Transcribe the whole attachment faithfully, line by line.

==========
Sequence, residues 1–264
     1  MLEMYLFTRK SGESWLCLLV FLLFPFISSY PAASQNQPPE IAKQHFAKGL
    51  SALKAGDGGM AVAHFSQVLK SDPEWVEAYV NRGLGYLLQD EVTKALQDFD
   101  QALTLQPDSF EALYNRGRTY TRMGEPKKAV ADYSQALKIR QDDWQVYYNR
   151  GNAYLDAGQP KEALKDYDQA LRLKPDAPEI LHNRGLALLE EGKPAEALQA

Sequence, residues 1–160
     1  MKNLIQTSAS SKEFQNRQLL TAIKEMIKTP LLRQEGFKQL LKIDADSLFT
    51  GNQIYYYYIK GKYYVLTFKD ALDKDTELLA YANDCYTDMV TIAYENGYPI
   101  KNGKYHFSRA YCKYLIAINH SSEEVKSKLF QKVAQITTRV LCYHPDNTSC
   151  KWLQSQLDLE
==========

Sequence, residues 1–264
     1  MLEMYLFTRK SGESWLCLLV FLLFPFISSY PAASQNQPPE IAKQHFAKGL
    51  SALKAGDGGM AVAHFSQVLK SDPEWVEAYV NRGLGYLLQD EVTKALQDFD
   101  QALTLQPDSF EALYNRGRTY TRMGEPKKAV ADYSQALKIR QDDWQVYYNR
   151  GNAYLDAGQP KEALKDYDQA LRLKPDAPEI LHNRGLALLE EGKPAEALQA

Sequence, residues 1–160
     1  MKNLIQTSAS SKEFQNRQLL TAIKEMIKTP LLRQEGFKQL LKIDADSLFT
    51  GNQIYYYYIK GKYYVLTFKD ALDKDTELLA YANDCYTDMV TIAYENGYPI
   101  KNGKYHFSRA YCKYLIAINH SSEEVKSKLF QKVAQITTRV LCYHPDNTSC
   151  KWLQSQLDLE